While I generally support the bill, I will be moving an amendment that I believe will better level the playing field and further enhance integrity in the political process. My amendment would reduce the spending cap for third parties from $1 million to $200,000 to ensure that this bill does not increase the relative power and electoral influence of corporations, industry associations and high net worth individuals who have so much income or assets that their electoral expenditure is not constrained. These are the people whose interests are already over-represented in our political system. They are already advantaged with much less constrained funds. By comparison, other organisations or individuals who are reliant on donations received under the new donation caps are at a significant disadvantage. It is incredibly unlikely that they will be able to raise funds of this magnitude for campaigning purposes. As the Human Rights Law Centre pointed out in its submission, election spending by third parties in Queensland is not currently tracked so we do not know for certain who the biggest spenders are. At the federal level, it is clear that industry associations like the Minerals Council of Australia and the Business Council of Australia are among the biggest spenders. Given the activity of these groups already in Queensland politics, it is no stretch to imagine them playing a significant role in future Queensland elections, especially if they are no longer able to donate large sums directly to political parties. While community groups and charities rely on donations, industry associations and corporations receive substantial membership fees, subscriptions and levies. Corporations have commercial revenue streams. Even unions receive membership fees from workers that add up quickly. In this sense, this bill will disproportionately restrict the ability of charities to do election related advocacy, far less than it will impact corporations and industry associations. Reducing the spending cap to $200,000 ensures that the disproportionate influence that big companies already have is kept in check in relation to spending. It does so without undermining the ability of any third party to effectively participate in election campaigning. The community and non-government sector, where I worked before being elected to this place, have been clear about the risks posed in this bill in its original form. Advocacy is a critical part of their job. In many cases, it is impossible for them to focus on discrete issues on a case-by-case basis without engaging in the broader structural context in which these issues arise. The devastating attacks on the community sector’s advocacy and independence during the LNP government led by Campbell Newman are not far behind us. Charities and NGOs have been clear: the bill in its original form threatened to stifle this advocacy. There are many examples of where it is unclear whether common expenditure of these groups meets the definition of electoral expenditure, like distributing scorecards of the parties’ policy positions, paying for advertising on election issues or even distributing newsletters to members about local political issues. The Gladstone Conservation Council submitted how this bill would have prevented them from organising a small, nonpartisan election candidates’ forum. Where the law is uncertain, given the limited budgets these groups have to work with, they simply could not afford to risk a fine for breaching the new law. The Cairns and Far North Environment Centre outlined the vital role that community organisations play in elevating the voices of community members who are not otherwise able to have their views heard by decision-makers. Some of the ways these organisations currently do this did not have a clear status under the law as originally posed. The Human Rights Law Centre was blunt in its submission—the bill would have shut down election advocacy by community groups and charities. They recommended that the definition of ‘electoral expenditure’ be limited for small community groups and charities. The government has introduced late amendments to address this, which I understand will be welcomed by the sector as being better than the originally drafted provisions. I would have preferred to adopt a more limited definition of ‘electoral expenditure’ for third parties that are charities registered under the ACNC Act or groups with an annual taxable income of less than $50,000. With these changes, a relevant third party would only incur electoral expenditure for the broadcast, publication or distribution of advertising or other election material that refers to both the name of a political party or candidate and how to vote at an election. As the Human Rights Law Centre pointed out, charities are, according to the Charities Act 2013, the federal act, required to work in the public interest and are prevented from having a purpose of promoting or opposing candidates and political parties—that is, charities are both legally required to ensure that all their activities serve their charitable purpose and legally prevented from engaging in partisan work or acting as a conduit for political donations. I welcome the government’s ongoing engagement with the CCC. I appreciate where they have landed in terms of the integrity reforms. In closing, I would say this: For too long, the big end of town has had the run of this state. The fossil fuel lobby, the gambling lobby, the big banks and others get huge returns on these shady investments. The fossil fuel lobby is calculated to gain $2,000 in subsidies for every $1 that they donate. We have seen the effects of this lobbying firsthand in Queensland, with Labor waving through new coal and gas projects and countless other government favours for major donors.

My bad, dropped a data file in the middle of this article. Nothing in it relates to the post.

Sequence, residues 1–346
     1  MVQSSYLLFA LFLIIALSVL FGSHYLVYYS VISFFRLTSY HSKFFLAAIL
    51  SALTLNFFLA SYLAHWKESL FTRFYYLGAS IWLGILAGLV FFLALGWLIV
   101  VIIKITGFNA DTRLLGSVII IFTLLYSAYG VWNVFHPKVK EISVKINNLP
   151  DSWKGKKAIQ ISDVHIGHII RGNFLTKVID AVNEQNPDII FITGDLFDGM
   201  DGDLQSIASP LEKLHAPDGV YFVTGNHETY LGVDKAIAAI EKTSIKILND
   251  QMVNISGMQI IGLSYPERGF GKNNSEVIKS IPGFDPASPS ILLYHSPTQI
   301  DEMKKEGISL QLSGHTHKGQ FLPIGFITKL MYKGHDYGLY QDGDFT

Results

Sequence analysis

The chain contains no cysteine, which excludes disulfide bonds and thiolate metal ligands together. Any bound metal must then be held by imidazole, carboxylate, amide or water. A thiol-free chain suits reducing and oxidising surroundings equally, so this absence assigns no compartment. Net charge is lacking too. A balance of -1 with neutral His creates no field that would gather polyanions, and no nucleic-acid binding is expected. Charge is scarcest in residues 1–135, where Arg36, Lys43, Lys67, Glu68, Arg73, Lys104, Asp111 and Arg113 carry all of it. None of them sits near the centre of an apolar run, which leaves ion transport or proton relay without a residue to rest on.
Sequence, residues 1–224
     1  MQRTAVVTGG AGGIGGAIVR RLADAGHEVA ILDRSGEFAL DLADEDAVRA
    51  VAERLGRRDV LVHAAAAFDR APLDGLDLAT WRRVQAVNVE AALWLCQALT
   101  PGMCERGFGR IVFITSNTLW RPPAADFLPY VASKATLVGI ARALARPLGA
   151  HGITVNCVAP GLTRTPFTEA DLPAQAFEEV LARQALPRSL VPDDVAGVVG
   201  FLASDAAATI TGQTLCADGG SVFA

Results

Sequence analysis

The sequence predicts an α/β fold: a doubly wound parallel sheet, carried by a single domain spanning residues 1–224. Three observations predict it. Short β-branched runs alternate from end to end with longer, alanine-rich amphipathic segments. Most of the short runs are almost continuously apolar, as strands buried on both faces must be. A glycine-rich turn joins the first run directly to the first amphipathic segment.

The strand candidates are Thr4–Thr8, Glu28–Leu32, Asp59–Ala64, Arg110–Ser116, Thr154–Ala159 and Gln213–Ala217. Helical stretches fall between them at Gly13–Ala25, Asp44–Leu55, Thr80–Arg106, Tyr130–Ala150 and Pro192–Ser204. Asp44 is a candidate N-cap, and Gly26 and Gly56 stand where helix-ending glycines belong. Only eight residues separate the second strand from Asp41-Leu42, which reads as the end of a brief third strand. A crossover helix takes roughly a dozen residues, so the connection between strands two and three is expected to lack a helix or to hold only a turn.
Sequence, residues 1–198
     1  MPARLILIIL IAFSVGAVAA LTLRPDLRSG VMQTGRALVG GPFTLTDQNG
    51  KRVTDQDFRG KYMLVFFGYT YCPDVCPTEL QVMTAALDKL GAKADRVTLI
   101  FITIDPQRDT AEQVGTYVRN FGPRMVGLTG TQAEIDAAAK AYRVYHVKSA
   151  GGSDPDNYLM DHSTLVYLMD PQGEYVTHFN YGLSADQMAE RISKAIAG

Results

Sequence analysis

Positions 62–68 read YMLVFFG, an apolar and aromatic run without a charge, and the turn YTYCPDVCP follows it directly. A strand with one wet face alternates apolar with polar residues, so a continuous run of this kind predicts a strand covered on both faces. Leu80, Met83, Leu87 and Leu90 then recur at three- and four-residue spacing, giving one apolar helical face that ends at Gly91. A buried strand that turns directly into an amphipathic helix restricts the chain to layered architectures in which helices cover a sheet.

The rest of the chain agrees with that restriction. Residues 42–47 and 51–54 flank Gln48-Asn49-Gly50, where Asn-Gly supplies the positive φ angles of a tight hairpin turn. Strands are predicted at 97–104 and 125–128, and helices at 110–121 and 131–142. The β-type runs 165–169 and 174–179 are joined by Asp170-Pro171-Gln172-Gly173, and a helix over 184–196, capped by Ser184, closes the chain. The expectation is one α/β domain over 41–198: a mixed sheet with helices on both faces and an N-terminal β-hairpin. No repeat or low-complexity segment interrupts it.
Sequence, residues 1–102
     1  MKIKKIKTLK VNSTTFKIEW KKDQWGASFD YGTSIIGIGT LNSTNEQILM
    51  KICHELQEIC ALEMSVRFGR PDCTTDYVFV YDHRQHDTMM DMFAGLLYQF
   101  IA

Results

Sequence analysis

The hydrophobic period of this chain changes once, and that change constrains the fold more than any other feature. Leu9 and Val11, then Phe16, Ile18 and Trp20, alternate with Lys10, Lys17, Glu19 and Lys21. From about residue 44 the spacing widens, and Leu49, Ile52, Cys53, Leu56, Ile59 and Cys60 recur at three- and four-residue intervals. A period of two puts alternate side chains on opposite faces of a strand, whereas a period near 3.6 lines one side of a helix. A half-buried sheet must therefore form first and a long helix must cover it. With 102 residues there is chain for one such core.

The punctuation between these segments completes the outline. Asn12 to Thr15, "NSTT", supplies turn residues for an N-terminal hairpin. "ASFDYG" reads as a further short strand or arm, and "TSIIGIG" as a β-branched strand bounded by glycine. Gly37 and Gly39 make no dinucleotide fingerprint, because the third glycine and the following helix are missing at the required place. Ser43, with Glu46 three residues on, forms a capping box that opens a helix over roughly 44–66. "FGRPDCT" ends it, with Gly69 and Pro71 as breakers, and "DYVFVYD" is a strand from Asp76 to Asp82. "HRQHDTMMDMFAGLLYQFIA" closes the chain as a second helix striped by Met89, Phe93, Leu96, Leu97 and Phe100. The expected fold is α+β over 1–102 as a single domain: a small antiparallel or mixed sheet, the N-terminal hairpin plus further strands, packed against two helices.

Confidence in politics is at an all-time low, and that is not surprising. News of politicians doing fundraising activities on the public dollar barely ripples because people’s faith in politicians is completely trashed. Scandal after scandal has shown that politicians from the big parties are representing the big end of town, not the community. The reforms in this bill, as I have said already, are long overdue, and I support this reform. With my amendment, and with a better definition of ‘electoral expenditure’ for third parties, this bill could truly enhance integrity in Queensland’s political system, but it is an enormous step forward from where we are at the moment. I commend the bill to the House.